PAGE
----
The DOJ wants your compliance training to focus on prevention. What does that look like?

3 minute read

The DOJ wants your compliance training to focus on prevention. What does that look like?

March 23, 2021 3:00:00 AM CDT / by Ricardo Pellafone

You’ve read the interview about what Department of Justice prosecutors look for in compliance training, and you know that they want to see a focus on prevention.

That is, you don’t do one set of substantive things for “defensibility” and another for “prevention;” they’re the same thing, because a substantive focus on prevention is defensible—and recordkeeping for the sake of recordkeeping isn’t.

Fair enough. But what does that look like in practice? That’s what we’ll unpack in this post.

Haven’t read our interview with the Department of Justice’s former compliance counsel expert yet?

Get it here

 

Overview: focus on root cause, not abstract risk.

Here’s the basic idea: “Prevention” means focusing your compliance training on the behaviors most likely to get you in trouble, not broad education on abstract risks. You want to work backwards from what would be a root cause of an investigation—something a businessperson did—not forwards from some abstract legal framework like “anti-corruption” or “privacy.”

Here’s the key quote from the interview:

Quote from Hui Chen Interview Q&A 12: "What does that focus on prevention look like in practice?"

That is, if you end up in front of a prosecutor, it is because someone did something that put you there: they approved a third-party invoice with shady expenses, they promised someone something they shouldn’t have during a deal, etc. Focusing on prevention means identifying that stuff, prioritizing it, and then training on it, not just dumping legal information on employees and hoping they figure it out.

The problem is that this is the exact opposite of how most companies do compliance “training”—and I’m using scare quotes because what they’re doing isn’t really “training” at all—it doesn’t tell anyone how to do anything, just gives them information on abstract concepts. So, let’s give a little more clarity on what to do (and not do), starting with what to avoid.

 

What not to do: educate on abstract concepts.

Again, the common (and wrong) approach to compliance training is to identify your legal risks, give employees information on those risks, and hope they figure it out. It looks like this diagram from Question 15 in the interview:

Flow chart of approach of compliance training by focusing on risks (not advised)

The basic problem here is that training happens too early. The company hasn’t understood the risk well enough to figure out what people do that could get them in trouble, and they basically are asking regular employees to do all that work.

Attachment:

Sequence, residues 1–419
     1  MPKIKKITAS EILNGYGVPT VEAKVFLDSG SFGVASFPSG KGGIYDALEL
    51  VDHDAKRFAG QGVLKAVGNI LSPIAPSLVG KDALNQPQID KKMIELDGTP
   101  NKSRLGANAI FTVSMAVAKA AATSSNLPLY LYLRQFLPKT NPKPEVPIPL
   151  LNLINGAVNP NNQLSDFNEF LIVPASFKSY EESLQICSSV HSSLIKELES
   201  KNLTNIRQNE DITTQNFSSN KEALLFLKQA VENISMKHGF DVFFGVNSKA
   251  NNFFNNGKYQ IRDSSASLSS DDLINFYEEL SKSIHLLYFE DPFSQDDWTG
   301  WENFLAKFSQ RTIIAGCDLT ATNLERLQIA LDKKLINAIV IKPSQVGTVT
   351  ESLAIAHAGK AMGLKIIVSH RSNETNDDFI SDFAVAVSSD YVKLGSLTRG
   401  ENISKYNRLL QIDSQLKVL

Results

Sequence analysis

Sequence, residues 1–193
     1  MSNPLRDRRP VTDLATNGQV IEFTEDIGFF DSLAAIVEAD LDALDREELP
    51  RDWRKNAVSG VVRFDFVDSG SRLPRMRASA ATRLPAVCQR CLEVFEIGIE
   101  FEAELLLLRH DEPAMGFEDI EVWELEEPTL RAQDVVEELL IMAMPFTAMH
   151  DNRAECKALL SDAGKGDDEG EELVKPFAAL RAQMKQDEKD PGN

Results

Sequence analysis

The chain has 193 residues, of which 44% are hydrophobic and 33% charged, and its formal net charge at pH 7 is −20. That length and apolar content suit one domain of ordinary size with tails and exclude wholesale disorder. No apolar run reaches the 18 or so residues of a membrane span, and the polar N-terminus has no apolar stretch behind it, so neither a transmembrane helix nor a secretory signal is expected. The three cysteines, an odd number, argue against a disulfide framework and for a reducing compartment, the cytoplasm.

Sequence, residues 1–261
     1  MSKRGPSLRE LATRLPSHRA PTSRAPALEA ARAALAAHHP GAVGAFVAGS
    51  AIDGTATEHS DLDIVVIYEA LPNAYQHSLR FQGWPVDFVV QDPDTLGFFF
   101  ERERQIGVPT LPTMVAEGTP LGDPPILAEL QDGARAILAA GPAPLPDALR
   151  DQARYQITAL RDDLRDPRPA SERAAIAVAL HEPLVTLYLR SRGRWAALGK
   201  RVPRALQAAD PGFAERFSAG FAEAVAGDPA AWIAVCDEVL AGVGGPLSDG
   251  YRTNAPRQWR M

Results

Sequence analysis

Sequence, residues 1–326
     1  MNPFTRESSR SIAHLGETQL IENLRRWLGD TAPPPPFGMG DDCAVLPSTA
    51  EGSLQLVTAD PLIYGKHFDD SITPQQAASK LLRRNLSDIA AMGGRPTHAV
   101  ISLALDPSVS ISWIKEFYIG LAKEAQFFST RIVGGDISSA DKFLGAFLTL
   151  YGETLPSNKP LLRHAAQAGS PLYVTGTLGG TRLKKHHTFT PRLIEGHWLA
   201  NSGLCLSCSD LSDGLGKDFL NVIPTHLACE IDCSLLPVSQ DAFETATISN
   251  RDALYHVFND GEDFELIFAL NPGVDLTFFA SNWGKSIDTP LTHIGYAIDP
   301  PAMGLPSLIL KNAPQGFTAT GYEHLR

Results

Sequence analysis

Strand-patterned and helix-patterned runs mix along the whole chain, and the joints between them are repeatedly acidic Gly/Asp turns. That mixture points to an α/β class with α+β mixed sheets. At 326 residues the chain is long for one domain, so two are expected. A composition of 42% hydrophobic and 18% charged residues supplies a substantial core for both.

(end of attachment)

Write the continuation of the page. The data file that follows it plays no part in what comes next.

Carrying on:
Which they don’t and won’t, because that’s not their job—figuring out how these abstract risks apply to specific things people do is a lawyer's or compliance professional’s skill set and job. The company just needs its salespeople to sell compliantly, and getting them to do that is what the government is looking for. Another quote from the interview:

Hui Chen interview answer 13: "The goal is to train people to do those things correctly, not try to make them experts on the law...."

And another one:

Hui Chen interview answer 15: "Prosecutors want to see employees being trained on how to do their jobs compliantly, not educated on legal topics."

OK, so the government is not asking you to dump a bunch of school-style courses on everyone in an effort to make them mini-compliance officers. Good. What do you do instead?

 

What to do: integrate into process, then train on process.

Basically, you figure out what you want people to do, then you tell them how to do it. You might otherwise know this as “training,” because that’s what real training actually is in virtually every realm of your life.

Here’s another quote from the interview to illustrate:

Hui Chen interview answer 16: "Compliance is about behavior, so I'm not sure why you would be training on something that doesn't tie to behavior."

Practically, that means your training looks like this diagram:

Flow chart of approach of compliance training by focusing on application of risk to job (advised)

Now, the good news is that you should already know what this stuff is because you discovered it in your risk assessment. That is, if you think you need to train people on anti-corruption, it’s because your risk assessment identified things your business does that are prone to corruption risk. Those are the things you train on, not the abstract concept of “anti-corruption."

Put otherwise, it’s not that this is that much more conceptual work, it’s just integrating the parts of a compliance program together with a focus on actually preventing misconduct.

Of course, this can seem like a ton of work. But we asked that too:

Hui Chen interview Q&A 14: "You do it by prioritizing the riskiest things and then moving on to the next-riskiest and so on."

In short, you prioritize things, make a plan, and execute. Just like every other part of your business does when trying to do big things.

And for a head start, you can join Compliance Design Club. It’ll let you pick and choose from hundreds of training tools and resources, including process-focused resources for sales, HR, legal, finance, and more—all easily customizable, brandable, and quickly deployed. Go here to see some samples and learn more.

Broadcat mascot peeking through door of the Clubhouse with sign that says, "Join the Club!"Join the Club!

 

Ricardo Pellafone

Written by

Ricardo Pellafone

As Broadcat’s Founder and CEO, Ricardo is responsible for setting and obsessively refining Broadcat’s core methodology, approach, and vision of practical, useful compliance.